Serving the GW Community since 1904

The GW Hatchet


The GW Hatchet

Serving the GW Community since 1904

The GW Hatchet

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Just Joshin’

A look at the world through my eyes. Well, just part of the world.

Josh Perlman
Josh Perlman. Hatchet File Photo

When I was younger, my mom would always joke about sending me to decision-making camp.

Whether these kinds of camps actually exist, I may never know, but I thought back to my mom’s teasing last week as I struggled to make one of the more important decisions I’ve come to face.

To get a haircut, or not to get a haircut: that is the question.

I awoke from my slumber early Tuesday morning feeling as though the time had come to trim my luscious locks. But not wanting to do anything drastic, I took some time to think it over.

Of course, there are benefits to having both longer and shorter hair. Short hair is clean and easy to maintain. It also doesn’t require much adjusting when the wind blows or when someone thinks it’s a good idea to rub your head. Watch the hands, people; nobody above the age of seven has ever appreciated that gesture.

Long hair, on the other hand, is cool and mysterious. It protects your head from the harsh winter air and gives you something to run your hands through when you feel stressed. Just ask my friend Alixe, who started using horse shampoo because it’s said to lengthen and thicken your hair.

I went back and forth on the subject for a few days, stopping at every opportunity to look at myself in a mirror. By the time Thursday came with no decision, I did what any reasonable person would do in my situation. I sent my friend a picture message of myself pouting and asked her if I needed a haircut.

She said no, but I still wasn’t convinced.

I always struggle when it comes time for a haircut because it’s such a leap of faith. By walking into a barbershop – or hair salon, if you’re into that – you are giving a complete stranger the power to make you look as ugly as he or she pleases. And you still have to pay, regardless of the outcome.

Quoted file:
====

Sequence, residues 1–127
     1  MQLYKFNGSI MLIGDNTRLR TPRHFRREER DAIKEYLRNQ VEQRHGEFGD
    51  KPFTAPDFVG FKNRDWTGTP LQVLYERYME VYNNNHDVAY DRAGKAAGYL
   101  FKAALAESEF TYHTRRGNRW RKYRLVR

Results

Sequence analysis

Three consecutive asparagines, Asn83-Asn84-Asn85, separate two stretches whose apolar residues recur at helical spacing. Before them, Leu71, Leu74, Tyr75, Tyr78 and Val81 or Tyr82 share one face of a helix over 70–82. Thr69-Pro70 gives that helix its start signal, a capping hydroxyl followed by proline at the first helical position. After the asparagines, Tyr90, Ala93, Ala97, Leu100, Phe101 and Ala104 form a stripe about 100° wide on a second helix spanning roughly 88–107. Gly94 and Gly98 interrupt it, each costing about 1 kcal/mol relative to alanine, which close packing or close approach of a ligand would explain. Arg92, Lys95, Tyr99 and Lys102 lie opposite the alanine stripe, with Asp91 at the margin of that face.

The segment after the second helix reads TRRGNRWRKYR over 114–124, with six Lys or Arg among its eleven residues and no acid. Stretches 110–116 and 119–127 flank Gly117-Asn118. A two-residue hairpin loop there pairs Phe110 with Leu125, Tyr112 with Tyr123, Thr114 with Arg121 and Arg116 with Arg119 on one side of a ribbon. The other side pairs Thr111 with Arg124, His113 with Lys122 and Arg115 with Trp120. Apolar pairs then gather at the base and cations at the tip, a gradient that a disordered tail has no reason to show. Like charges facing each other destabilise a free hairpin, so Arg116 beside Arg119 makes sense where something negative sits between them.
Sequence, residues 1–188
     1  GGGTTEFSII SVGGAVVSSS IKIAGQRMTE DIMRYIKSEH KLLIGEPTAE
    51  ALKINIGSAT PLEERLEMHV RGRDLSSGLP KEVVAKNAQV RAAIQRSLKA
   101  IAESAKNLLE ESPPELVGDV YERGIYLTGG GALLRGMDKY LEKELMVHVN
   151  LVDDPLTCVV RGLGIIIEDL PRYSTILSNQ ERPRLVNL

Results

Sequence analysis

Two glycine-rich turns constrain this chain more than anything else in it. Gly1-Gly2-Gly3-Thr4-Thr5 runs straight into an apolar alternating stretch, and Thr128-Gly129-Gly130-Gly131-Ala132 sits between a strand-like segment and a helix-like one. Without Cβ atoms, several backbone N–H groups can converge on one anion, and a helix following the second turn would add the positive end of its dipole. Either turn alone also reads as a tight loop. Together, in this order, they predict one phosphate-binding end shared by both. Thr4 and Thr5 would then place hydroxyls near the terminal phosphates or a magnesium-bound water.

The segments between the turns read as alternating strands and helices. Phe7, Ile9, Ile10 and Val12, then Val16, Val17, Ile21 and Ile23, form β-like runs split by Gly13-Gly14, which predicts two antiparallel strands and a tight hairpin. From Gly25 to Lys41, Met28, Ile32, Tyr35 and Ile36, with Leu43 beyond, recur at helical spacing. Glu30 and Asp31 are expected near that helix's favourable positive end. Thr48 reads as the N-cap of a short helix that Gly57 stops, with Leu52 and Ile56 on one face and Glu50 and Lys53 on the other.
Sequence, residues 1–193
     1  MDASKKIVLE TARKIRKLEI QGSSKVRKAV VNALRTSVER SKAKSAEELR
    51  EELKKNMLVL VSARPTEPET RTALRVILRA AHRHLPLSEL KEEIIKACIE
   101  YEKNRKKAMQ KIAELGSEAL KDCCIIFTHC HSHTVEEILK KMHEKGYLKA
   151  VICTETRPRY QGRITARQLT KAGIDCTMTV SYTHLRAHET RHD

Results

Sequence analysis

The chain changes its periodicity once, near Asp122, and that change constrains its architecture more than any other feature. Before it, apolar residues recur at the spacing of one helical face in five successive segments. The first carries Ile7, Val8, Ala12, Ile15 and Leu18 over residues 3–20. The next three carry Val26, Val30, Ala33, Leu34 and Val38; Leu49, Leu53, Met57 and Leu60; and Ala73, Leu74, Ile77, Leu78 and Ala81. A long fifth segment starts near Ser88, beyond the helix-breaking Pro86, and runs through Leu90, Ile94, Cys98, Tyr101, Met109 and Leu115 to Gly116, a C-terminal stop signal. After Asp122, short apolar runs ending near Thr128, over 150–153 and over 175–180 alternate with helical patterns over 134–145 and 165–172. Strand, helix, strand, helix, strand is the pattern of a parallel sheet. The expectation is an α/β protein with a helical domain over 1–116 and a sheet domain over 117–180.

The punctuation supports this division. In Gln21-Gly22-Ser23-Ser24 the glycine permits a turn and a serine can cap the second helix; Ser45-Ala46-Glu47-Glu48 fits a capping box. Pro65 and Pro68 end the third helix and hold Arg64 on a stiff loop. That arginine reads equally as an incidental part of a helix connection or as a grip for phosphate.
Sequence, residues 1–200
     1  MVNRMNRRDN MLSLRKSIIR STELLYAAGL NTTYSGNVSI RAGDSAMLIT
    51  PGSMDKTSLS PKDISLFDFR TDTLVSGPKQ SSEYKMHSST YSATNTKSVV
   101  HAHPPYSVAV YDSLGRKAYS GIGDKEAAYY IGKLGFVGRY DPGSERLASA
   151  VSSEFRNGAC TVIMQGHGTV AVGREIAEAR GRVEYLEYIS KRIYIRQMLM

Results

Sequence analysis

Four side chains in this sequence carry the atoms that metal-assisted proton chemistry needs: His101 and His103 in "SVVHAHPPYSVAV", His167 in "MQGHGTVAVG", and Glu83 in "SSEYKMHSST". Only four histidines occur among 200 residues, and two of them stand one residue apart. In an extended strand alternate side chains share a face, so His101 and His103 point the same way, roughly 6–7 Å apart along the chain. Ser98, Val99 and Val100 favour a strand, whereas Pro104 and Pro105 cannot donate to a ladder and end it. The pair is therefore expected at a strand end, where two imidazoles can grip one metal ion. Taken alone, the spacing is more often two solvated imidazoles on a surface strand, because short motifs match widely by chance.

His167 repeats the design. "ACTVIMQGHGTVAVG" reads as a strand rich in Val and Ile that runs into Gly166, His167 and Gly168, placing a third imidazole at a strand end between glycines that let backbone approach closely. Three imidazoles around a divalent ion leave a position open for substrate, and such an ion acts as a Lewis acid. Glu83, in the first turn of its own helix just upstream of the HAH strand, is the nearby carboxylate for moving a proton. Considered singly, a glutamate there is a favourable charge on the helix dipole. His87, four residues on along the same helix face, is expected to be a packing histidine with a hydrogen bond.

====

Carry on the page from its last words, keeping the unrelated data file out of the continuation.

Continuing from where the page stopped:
Just last year, I watched helplessly as an aged barber took my request for shorter sideburns as a sign that I didn’t want any sideburns at all. I let out a faint whimper when he shaved the first one off, making his way to the second as if he hadn’t done anything wrong.

Because of that one man’s poor judgment, I walked around for weeks looking like a dehydrated Chia Pet.

But it was time for me to man up. By Friday afternoon, I had made up my mind. I was putting it all on the line. I was getting my hair cut. I trudged into the barbershop and sat down in one of the chairs facing the mirror.

“So, what would you like?” the barber asked me.

Of course, I got stuck with the guy who always seems really angry about something and calls people “Buddy” in a condescending tone.

I told him I just wanted a trim.

“Okay, so like a three or a two on the sides?”

I was offended by his use of jargon. Does he expect that he can just throw numbers at me and I’ll be able to make sense of them? I thought it over and let out an especially articulate response.

“Uh…” I said.

He gave me a three, whatever that means. After buzzing off the sides, he sprayed the top of my head with water and started to cut it with scissors. I hadn’t showered since the day before, so my hair stood up straight whenever he combed it back. Whoops.

His wielding of the scissors was aggressive and made me slightly concerned for my safety. But a few snips and several flinches later, he was finished.

I was pleased with my choice. The anxiety of making the tough decision lifted and I was able to enjoy the freedom of shorter hair. No longer would I be held back by the extra weight atop my head. I got back to my room feeling like a million bucks with my brand new look.

Then I found a pimple.

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